Yesterday we looked at a 19th Century natural history artist with enduring appeal, today we focus on an outstanding modern day one. Rachel Pedder-Smith is a contemporary botanical artist who achieved acclaim for her Herbarium Specimen Painting, first exhibited at Kew Gardens in 2012. At five meters long, this large-scale watercolour montage of plant bits is a rather thrilling piece of art, with some equally impressive botanical credentials: Over 700 carefully chosen Kew Herbarium specimens were used in the making, painstakingly chosen and then painted by Pedder-Smith. Some of these had been collected by British natural history luminaries, including Darwin, Hooker and Bentham. A minimum of one plant part from each of the 506 flowering plant families classified under the APG II system are depicted, making it a truly global expression of plant diversity, as well as a striking visual representation of the depth of botanical treasure held by Kew Gardens.
It is not just the size and botanical reach that makes this artwork unique. There is something in the way she paints. Her subjects have pop, seemingly full of life, jumping off the page if you will, which is amazing considering she is rendering long since deceased things stuck to the page. To try and understand how she managed to do it all so well, we asked her a few questions and you can read her answers below. If you missed this artwork at Kew when last on show, you will have another opportunity to see it first-hand later this year (see below).
We also really like her website, proving once again that even in this day and age, when you can employ a multitude of bells and whistles in digital design, if you are an artist with some amazing artwork to display, you need very little more to produce an original and engaging online presence.
Is Herbarium Specimen Painting currently on display anywhere now?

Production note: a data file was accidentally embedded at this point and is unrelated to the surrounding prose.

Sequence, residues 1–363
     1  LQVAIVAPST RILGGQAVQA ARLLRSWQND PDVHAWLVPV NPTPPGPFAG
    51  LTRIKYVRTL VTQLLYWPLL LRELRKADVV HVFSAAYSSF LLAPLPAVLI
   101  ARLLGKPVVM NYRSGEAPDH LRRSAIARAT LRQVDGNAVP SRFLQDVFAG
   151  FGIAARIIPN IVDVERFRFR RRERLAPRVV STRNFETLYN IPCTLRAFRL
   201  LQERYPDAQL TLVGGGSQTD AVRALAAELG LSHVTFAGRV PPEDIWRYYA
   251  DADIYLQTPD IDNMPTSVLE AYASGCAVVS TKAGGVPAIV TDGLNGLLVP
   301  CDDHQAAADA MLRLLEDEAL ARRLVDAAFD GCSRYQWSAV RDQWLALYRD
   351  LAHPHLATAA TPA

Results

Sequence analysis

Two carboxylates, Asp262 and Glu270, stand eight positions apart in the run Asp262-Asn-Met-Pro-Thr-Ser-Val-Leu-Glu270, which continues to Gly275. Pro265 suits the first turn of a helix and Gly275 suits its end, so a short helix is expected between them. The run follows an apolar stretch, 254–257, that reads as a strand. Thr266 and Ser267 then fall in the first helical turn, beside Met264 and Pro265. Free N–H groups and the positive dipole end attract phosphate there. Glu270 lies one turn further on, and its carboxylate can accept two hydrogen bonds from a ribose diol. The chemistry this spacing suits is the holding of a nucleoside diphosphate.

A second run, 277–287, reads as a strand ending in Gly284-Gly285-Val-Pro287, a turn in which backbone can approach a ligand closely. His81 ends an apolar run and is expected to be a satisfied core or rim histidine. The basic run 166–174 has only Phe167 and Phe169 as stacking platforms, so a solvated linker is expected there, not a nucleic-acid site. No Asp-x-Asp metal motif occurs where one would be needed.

It is not on display currently but will be from September for six months in the gallery in Kew gardens as part of the Inspiring Kew exhibition. I think one small piece is currently exhibited in the gallery and the bean painting is on display in Japan.
The colours of Herbarium Specimen Painting really are striking. Herbarium specimen colours fade, others turn black, some may have been altered by pressing techniques. What process did you go through with colour?
I paint the specimens the colour that they are when I get them from the storage – I do not alter the colour. I did try and choose some that had retained original colour though.
How much compromise is there in your artwork between scientific accuracy and aesthetic rendering?
I try and be as scientifically accurate as possible and the images are checked over by the people I work with at Kew. I think composition is key to trying to make something look contemporary. Also being bold and not too much bright green!
Herbarium Specimen Painting was completed as part of your PhD, with the associated thesis readable online. Are you able to tell us one of the most interesting things your research uncovered about natural history or specimen art?
It was quite interesting to see that we were all trying to say the same sort of things about objects telling stories- and natural history specimens telling similar sorts of stories. I was really pleased to find that there was such a variety of art- from very representational to very abstract.
Sections of Herbarium Specimen Painting can be seen below along with Rachel Pedder-Smith’s homepage design.